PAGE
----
To understand the mental health effects of ice it’s important to understand how it affects brain chemistry.
Ice use leads to an overproduction of dopamine, the neurotransmitter responsible for feelings of pleasure. It creates feelings of elation, high alertness and euphoria.
It also affects levels of noradrenalin, which regulates arousal, and serotonin, which regulates mood, sleep and appetite. People “high” on ice are often hypersexual, won’t sleep for days and feel no need to eat.
Ice does not only cause an overproduction of these three chemicals, it also prevents the brain to reabsorb them. Which means a shortage will occur once the effects of the drug wear off.
It can take up to three days until normal levels of dopamine, noradrenaline and serotonin are re-established; and during this shortage a user is likely to experience symptoms of anxiety and depression.
If a person uses ice frequently or over an extended period of time, it becomes harder and harder for the body to replenish its neurotransmitters – in fact, it can take months for dopamine levels to normalise after a regular user stops consuming ice – and the come-down effects often serve to increase cravings.
The three most common mental health effects of ice are:
The low episodes experienced during come-down periods will leave a user feeling depleted, exhausted, irritable and unable to find enjoyment; all of which are also symptoms of depression.
While experiencing a high, feelings of euphoria can quickly change to mimic symptoms of anxiety and potentially lead to a panic attack. A user high on ice can experience restlessness, trembling, dizziness, sweating, dry mouth, muscle aches, headaches, nausea or vomiting; all effects commonly attributed to acute anxiety.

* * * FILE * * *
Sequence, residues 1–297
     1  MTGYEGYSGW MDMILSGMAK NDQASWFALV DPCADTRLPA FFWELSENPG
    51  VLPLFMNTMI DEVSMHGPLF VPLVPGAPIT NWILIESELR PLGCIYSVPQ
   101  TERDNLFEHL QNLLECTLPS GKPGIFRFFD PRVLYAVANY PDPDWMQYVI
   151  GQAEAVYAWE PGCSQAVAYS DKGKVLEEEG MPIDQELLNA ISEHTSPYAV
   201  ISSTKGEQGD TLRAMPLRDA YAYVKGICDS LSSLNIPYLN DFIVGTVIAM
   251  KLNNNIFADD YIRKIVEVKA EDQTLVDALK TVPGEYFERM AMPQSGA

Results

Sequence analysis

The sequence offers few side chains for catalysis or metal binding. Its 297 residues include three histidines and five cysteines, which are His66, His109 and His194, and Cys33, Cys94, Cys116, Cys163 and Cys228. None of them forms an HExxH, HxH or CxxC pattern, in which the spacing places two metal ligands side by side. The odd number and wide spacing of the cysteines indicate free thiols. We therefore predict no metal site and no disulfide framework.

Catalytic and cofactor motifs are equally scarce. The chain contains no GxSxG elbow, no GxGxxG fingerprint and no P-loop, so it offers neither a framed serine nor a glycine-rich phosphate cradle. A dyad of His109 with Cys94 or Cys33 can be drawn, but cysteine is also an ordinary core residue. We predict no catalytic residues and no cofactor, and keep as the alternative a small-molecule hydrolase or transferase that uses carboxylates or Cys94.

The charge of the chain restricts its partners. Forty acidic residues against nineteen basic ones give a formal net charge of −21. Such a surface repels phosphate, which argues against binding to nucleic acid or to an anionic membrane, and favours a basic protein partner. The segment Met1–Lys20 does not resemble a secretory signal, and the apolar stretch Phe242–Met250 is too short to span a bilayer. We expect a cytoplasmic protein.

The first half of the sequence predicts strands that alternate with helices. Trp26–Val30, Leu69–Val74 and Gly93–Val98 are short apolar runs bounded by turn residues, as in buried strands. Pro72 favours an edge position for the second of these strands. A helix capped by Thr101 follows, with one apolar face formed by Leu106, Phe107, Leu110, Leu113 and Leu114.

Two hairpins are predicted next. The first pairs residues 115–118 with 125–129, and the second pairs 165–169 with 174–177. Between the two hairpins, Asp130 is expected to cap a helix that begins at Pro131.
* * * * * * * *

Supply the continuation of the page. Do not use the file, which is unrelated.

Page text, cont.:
The main culprit for symptoms of psychoses is the disturbance of serotonin levels. As serotonin plays a vital role in regulating our cognitive processes, irregularities can warp a person’s view of reality. Sudden feelings of fear and paranoia often occur during both the high and the come-down and can lead to erratic and often violent behaviour in the user.
Even if a person does only consume ice once, they are at risk to experience any number of these effects. For one-time users the symptoms of depression, anxiety and psychosis are likely to wear off within a couple of days.
If ice is used regularly and/or over an extended period of time, the accompanying symptoms of mental health disorders will become more and more persistent.
In extreme cases, ice use can cause irreversible damage to a person’s brain chemistry, meaning they will be dependent on mood stabilising medication to help them regulate their neurotransmitters.
In most cases integrated dual diagnosis addiction treatment addressing both the ice abuse and its co-occurring mental health disorders can equip users with the tools they need to stay clean and stop the mental health effects of ice use.
Ice is crystal methamphetamine, also known as crystal meth, crystal, shard, glass or shabu. It is one of the most potent and addictive stimulant drugs.
Methamphetamine is an “upper”, meaning it speeds up communications between the brain and the body, resulting in a state of hyper-alertness and increased energy.
As ice is a crystalised form of methamphetamine its effects are more immediate and extreme than any other form of methamphetamine, including speed (powdered methamphetamine).
According to the Alcohol and Drug Foundation (ADF) over 6% of Australians have used methamphetamine once or more times in their lives.